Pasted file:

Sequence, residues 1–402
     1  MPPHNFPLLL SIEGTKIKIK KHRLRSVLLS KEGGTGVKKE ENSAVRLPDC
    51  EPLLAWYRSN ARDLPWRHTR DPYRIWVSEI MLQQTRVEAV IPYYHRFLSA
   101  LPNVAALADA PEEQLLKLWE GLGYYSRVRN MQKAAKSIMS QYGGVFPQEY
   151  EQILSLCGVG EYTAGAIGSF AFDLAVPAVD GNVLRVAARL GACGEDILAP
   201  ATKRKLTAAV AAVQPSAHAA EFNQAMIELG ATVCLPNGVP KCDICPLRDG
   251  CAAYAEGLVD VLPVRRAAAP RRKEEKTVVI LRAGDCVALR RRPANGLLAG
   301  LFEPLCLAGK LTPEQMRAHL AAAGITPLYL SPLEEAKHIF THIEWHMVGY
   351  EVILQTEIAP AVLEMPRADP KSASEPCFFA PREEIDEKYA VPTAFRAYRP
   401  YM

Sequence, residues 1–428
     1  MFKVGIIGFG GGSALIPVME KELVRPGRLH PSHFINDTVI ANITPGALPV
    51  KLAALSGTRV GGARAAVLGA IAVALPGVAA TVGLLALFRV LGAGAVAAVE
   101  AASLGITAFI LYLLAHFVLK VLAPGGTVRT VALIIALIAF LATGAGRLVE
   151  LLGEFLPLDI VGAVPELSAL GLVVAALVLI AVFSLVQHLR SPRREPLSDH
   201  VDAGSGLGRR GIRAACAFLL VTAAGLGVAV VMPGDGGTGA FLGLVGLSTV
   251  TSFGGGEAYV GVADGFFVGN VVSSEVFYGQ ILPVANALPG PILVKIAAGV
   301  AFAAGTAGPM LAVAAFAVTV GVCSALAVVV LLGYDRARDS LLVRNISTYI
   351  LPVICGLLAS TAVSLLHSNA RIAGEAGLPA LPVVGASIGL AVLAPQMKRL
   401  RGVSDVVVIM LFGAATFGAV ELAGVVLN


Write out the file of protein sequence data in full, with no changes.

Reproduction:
Sequence, residues 1–402
     1  MPPHNFPLLL SIEGTKIKIK KHRLRSVLLS KEGGTGVKKE ENSAVRLPDC
    51  EPLLAWYRSN ARDLPWRHTR DPYRIWVSEI MLQQTRVEAV IPYYHRFLSA
   101  LPNVAALADA PEEQLLKLWE GLGYYSRVRN MQKAAKSIMS QYGGVFPQEY
   151  EQILSLCGVG EYTAGAIGSF AFDLAVPAVD GNVLRVAARL GACGEDILAP
   201  ATKRKLTAAV AAVQPSAHAA EFNQAMIELG ATVCLPNGVP KCDICPLRDG
   251  CAAYAEGLVD VLPVRRAAAP RRKEEKTVVI LRAGDCVALR RRPANGLLAG
   301  LFEPLCLAGK LTPEQMRAHL AAAGITPLYL SPLEEAKHIF THIEWHMVGY
   351  EVILQTEIAP AVLEMPRADP KSASEPCFFA PREEIDEKYA VPTAFRAYRP
   401  YM

Sequence, residues 1–428
     1  MFKVGIIGFG GGSALIPVME KELVRPGRLH PSHFINDTVI ANITPGALPV
    51  KLAALSGTRV GGARAAVLGA IAVALPGVAA TVGLLALFRV LGAGAVAAVE
   101  AASLGITAFI LYLLAHFVLK VLAPGGTVRT VALIIALIAF LATGAGRLVE
   151  LLGEFLPLDI VGAVPELSAL GLVVAALVLI AVFSLVQHLR SPRREPLSDH
   201  VDAGSGLGRR GIRAACAFLL VTAAGLGVAV VMPGDGGTGA FLGLVGLSTV
   251  TSFGGGEAYV GVADGFFVGN VVSSEVFYGQ ILPVANALPG PILVKIAAGV
   301  AFAAGTAGPM LAVAAFAVTV GVCSALAVVV LLGYDRARDS LLVRNISTYI
   351  LPVICGLLAS TAVSLLHSNA RIAGEAGLPA LPVVGASIGL AVLAPQMKRL
   401  RGVSDVVVIM LFGAATFGAV ELAGVVLN